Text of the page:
But why bother? Every study I've found shows that there is no magic mojo, and an FA cannot be counted on to consistently beat the market (especially after fees).

Quote:
we put our $$ with a small CFP financial services firm so I could quit worrying so much.
And yet, you are now worried about how they are performing! If you go with the broad based index funds, you will know what you are getting. I have yet to see any of these major, low-cost, index funds stray from their theoretical index by anything significant.

Doing it myself is my recipe for not worrying! I don't have to worry about how someone is investing my money!

As we often say here - by the time you have learned enough to evaluate your FA, you have learned enough to just DIY.

-ERD50
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Old 11-13-2017, 11:19 AM   #4
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Another comment -

So what would you do if you found your FA outperformed the past 2 years? Does that really mean anything? How will he do in the future? Or even if he under-performed?

Has he been 'tested' in up and down markets? So many ways to look at this. But it goes back to "no magic mojo".

-ERD50
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Old 11-13-2017, 11:24 AM   #5
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Quote:
Originally Posted by ERD50 View Post
Once you determine an AA (asset allocation) you are comfortable with (and this should have been part of the conversation with your current FA), you can just split your money across some ( 2-4 will do it for most people) low-cost, broad-based index funds and forget about it. Even rebalancing has been shown to not be important, just forget about it.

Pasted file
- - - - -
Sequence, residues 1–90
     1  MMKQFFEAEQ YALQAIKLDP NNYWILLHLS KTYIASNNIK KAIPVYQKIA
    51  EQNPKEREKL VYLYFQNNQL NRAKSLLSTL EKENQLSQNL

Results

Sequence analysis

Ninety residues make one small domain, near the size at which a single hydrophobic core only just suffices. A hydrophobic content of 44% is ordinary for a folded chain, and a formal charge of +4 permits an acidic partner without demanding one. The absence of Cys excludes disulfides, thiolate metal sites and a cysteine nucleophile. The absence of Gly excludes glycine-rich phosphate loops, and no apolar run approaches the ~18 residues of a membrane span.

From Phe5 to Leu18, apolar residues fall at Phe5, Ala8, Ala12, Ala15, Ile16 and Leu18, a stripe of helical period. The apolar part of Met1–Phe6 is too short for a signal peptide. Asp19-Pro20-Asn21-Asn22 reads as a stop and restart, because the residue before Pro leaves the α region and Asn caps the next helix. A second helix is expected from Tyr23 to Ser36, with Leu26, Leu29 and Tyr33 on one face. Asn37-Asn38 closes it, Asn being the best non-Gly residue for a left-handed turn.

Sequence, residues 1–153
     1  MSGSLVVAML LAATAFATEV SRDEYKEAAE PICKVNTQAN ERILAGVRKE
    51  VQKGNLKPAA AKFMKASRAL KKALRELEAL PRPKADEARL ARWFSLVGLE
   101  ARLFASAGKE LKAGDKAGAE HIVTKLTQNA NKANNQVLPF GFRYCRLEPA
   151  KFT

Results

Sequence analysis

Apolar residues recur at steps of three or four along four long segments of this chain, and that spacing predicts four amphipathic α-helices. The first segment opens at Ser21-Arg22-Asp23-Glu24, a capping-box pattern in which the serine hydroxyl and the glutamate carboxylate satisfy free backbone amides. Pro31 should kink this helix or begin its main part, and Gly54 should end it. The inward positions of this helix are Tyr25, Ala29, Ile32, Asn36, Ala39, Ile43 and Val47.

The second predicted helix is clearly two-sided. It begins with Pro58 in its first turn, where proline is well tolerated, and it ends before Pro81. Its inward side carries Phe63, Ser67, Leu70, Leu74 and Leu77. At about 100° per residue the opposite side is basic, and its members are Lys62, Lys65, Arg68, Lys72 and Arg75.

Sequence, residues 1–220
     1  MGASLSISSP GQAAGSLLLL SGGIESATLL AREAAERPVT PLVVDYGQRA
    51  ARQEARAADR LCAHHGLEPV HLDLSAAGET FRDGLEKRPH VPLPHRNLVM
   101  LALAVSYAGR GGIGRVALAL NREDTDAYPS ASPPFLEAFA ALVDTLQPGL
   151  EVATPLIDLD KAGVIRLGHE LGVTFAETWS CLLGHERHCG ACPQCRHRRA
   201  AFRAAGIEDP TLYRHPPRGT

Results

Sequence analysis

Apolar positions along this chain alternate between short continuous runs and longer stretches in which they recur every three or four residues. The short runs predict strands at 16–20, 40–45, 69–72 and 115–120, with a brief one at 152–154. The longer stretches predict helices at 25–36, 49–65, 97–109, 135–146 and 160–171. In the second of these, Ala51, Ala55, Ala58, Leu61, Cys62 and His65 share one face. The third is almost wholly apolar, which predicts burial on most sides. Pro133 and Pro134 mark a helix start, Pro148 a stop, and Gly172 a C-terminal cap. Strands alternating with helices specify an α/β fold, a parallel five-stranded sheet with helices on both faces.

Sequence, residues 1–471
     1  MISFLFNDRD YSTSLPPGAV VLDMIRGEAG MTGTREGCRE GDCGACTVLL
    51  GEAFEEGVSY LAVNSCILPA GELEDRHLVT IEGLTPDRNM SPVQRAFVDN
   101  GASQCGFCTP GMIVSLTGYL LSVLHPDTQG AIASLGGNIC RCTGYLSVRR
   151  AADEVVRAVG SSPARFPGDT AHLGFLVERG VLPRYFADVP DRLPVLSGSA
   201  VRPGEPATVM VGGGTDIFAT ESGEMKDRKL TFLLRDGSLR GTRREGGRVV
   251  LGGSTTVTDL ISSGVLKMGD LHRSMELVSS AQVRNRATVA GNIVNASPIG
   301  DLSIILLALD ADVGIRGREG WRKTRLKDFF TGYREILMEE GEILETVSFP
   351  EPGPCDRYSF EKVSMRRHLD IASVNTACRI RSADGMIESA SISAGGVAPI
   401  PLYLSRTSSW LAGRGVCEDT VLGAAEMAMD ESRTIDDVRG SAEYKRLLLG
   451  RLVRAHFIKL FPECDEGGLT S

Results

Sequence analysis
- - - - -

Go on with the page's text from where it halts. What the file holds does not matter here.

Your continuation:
That can be kind of tricky, depending. If your FA has maintained a specific AA, you could compare what they did versus a simple portfolio of that mix.

But why bother? Every study I've found shows that there is no magic mojo, and an FA cannot be counted on to consistently beat the market (especially after fees).

And yet, you are now worried about how they are performing! If you go with the broad based index funds, you will know what you are getting. I have yet to see any of these major, low-cost, index funds stray from their theoretical index by anything significant.

Doing it myself is my recipe for not worrying! I don't have to worry about how someone is investing my money!

As we often say here - by the time you have learned enough to evaluate your FA, you have learned enough to just DIY.

-ERD50
+1 on each point from ERD50. Set it, and for the most part, forget it.
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Old 11-13-2017, 12:59 PM   #6
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Thanks for the responses so far.

Quote:
Originally Posted by Sunset View Post